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Are half of mobiles really online?

How often do you check the web from your mobile? What stops you?

According to new research by ICM Research and the London School of Economics (LSE) has suggested that nearly half of the UK mobile phone owners are checking it daily. 45 per cent (albeit the study doesn’t say of how many) check it daily and 24 per cent are checking sites such as Facebook on the mobile.

I’ve been known to access the web from the mobile but generally only in an emergency and always I always end up cursing the cost of doing so. In fact, the only person I know that does check it daily has a BlackBerry with an unlimited data package.

A quick straw poll of friends suggest that they simply wouldn’t. One cursed (you don’t want to hear his comments verbatim) the little, easy to press button on his Sony Ericsson that connected him to the web all too accidentally.

So is it true? Possibly, most of my friends didn’t know of Orange’s new plan which gives you unlimited web if you’re on a £35 or over package.

Still, either my friends and I are behind the times or there’s some survey bias – I’m hoping for the latter.

10 replies on “Are half of mobiles really online?”

I think one of the biggest factors in mobile access is the phones that people have. I personally use Windows Mobile devices and I've always loved using wifi and mobile internet. I know 3 people with a Nokia N95, 2 of those use the internet regularly.

Apart from managers with Blackberries accessing their e-mails, I don't know anyone else that uses the internet on their phone.

I use the web on my N95 everyday – I use google reader on the S60 browser and also use Facebook/slashdot/twitter.

Its great now orange have this “unlimited” web browsing across most tariffs.

Geek and proud.

Thanks

Mark

Web surfing using mobile phone is very useful for those who can't live without checking their emails or logging on to their social network profiles. Either for entertainment or for business, one fact still remains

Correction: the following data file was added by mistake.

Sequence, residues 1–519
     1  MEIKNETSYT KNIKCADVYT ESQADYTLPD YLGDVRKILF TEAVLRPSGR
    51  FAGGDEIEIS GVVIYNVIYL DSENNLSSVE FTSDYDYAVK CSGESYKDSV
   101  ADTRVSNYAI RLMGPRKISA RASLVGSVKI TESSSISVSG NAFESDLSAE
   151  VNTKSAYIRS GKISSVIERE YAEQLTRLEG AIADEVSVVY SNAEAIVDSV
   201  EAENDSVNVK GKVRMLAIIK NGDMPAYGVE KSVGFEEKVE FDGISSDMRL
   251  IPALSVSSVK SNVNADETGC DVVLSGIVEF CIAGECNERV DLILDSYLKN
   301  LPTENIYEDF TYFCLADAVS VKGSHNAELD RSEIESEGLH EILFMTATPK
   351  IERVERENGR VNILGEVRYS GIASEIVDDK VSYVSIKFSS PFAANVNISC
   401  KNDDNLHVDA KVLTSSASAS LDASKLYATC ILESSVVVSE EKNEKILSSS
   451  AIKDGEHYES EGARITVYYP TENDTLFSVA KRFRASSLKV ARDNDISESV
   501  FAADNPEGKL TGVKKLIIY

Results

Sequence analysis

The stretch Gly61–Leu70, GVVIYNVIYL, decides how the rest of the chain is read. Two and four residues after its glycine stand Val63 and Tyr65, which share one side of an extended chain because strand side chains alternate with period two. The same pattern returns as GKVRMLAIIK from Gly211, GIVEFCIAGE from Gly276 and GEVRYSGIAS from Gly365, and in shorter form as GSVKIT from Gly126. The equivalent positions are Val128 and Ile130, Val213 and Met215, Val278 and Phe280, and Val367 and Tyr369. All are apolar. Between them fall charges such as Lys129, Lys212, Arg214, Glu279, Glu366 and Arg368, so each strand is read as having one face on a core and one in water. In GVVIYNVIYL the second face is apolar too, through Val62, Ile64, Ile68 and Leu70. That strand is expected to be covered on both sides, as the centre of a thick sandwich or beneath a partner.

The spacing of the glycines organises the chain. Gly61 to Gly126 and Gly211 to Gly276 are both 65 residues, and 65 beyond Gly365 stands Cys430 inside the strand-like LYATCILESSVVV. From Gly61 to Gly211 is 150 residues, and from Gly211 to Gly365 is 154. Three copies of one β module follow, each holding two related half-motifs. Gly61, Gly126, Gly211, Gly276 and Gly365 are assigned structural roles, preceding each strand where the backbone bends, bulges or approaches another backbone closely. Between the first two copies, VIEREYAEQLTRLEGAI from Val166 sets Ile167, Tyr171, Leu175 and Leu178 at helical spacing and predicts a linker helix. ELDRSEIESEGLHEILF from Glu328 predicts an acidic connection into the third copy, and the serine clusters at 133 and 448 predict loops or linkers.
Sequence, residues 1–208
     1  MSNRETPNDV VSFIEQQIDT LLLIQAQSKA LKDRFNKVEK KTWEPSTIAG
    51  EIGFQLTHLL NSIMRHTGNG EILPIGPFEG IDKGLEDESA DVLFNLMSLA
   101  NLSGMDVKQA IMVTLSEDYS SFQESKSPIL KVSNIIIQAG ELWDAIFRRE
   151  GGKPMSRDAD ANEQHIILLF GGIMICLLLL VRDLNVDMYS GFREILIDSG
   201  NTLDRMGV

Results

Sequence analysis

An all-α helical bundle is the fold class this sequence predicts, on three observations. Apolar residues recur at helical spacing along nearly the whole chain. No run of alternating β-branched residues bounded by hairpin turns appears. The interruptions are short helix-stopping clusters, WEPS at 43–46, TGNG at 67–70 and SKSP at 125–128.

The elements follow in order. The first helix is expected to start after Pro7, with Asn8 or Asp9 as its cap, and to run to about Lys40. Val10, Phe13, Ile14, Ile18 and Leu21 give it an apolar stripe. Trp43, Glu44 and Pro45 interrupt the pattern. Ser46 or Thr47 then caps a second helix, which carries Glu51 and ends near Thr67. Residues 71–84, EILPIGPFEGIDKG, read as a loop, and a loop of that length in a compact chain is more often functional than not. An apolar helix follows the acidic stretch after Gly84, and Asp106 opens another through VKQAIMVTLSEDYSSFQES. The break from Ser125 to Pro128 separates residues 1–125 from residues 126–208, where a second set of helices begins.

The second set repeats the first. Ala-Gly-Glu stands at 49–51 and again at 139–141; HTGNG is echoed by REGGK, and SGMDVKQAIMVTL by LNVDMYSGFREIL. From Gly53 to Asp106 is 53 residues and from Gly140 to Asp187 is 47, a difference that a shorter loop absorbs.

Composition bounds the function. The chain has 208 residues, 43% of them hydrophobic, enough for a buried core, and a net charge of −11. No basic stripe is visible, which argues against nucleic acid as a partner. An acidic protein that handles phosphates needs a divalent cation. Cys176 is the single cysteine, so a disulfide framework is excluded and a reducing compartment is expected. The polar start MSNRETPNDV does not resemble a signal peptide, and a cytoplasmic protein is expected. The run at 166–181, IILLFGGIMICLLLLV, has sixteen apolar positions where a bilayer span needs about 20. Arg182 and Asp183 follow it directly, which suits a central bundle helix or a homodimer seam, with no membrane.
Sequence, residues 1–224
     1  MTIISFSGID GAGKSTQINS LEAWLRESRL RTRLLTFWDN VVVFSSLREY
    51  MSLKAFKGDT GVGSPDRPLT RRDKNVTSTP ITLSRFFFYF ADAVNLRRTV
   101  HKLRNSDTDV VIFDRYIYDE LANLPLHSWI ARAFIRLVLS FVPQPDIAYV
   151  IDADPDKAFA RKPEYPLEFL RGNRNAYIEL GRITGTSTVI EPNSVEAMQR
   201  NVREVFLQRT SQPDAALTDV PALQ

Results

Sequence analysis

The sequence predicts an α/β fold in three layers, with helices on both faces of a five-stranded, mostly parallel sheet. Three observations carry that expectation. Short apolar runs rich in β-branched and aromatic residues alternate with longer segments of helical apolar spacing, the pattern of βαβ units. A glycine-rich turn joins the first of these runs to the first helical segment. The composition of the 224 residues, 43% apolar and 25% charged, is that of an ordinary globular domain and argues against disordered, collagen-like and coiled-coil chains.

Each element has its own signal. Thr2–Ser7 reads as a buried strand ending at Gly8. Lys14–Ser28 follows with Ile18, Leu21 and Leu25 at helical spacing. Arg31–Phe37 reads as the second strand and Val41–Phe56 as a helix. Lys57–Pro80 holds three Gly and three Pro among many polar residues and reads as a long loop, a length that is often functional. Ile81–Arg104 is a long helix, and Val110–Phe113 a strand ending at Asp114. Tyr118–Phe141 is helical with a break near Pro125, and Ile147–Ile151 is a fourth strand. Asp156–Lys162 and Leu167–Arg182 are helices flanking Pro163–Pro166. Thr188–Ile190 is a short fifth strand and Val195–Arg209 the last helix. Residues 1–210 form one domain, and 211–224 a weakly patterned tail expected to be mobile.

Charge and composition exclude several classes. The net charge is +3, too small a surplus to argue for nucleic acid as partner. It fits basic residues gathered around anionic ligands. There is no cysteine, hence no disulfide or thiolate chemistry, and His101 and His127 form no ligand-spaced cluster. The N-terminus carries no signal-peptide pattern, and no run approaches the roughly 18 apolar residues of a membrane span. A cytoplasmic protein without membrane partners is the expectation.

Hi,

Commenting from the US of A here. I thought you Brits were supposed to be so far ahead of us Yanks when it came to all things mobile. This sounds like a post from the year 2000 or something. You are telling me that a mobile blogger in the UK accesses the web on his phone “only in an emergency”? WTF?

A lot of folks here in America access the network (WAP, Internet, whatever; depending upon their built in browser app) from their phones all the time. They download apps, check news/weather/sports, etc. etc. Many have iPhones where they surf the net a LOT using the mobile Safari browser. Not to mention other smartphones that provide decent browsers, RSS readers, etc.

How could this post even be written? Especially on this great mobile website? Who the hell is Ewan hiring these days? It's 2008 for Christ's sake. What cave have you people been living in?

Slightly a harsh comment in my opinion. As one of the columnist here at smstextnews, I very rarely use the mobile net. The reason I hear you ask, is that as I am a student I always have net access. Therefore there is no reason why i need it. A LOT of normobs in the UK simply do not use mobile data and the reason on some of the networks is cost. As you know I follow the UK ad-funded network Blyk and they have no inclusive data and data is

That's all well and good Stark – and to be honest – I'm not a big fan of these stats, I don't think they're that insightful…

However this piece starts with the words: “According to new research…”

Whereas your argument is: “A lot of folks here in America…”

Do you have any hard facts & figures to back that up?
Or is just gut-feeling/observation?

Would love to know.

Cheers.

Gents,

My apologies if I offended, but the whole notion underlying the posting (that Brits rarely go online with their mobiles) stunned me, because the general consensus is that you Western Europeans are so far ahead of us Yanks in all things mobile data. I guess that's wrong.

Per James W.'s request, here is some data (much of it global) from Nielsen Mobile (http://www.telephia.com/) showing mobile internet usage:

http://venturebeat.com/2008/07/24/mobilebeat-20